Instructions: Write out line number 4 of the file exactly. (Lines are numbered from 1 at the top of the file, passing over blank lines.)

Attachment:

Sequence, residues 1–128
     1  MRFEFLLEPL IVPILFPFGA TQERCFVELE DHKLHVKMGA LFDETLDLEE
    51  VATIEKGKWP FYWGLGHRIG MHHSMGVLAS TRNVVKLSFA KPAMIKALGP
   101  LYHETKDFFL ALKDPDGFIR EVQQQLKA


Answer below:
   101  LYHETKDFFL ALKDPDGFIR EVQQQLKA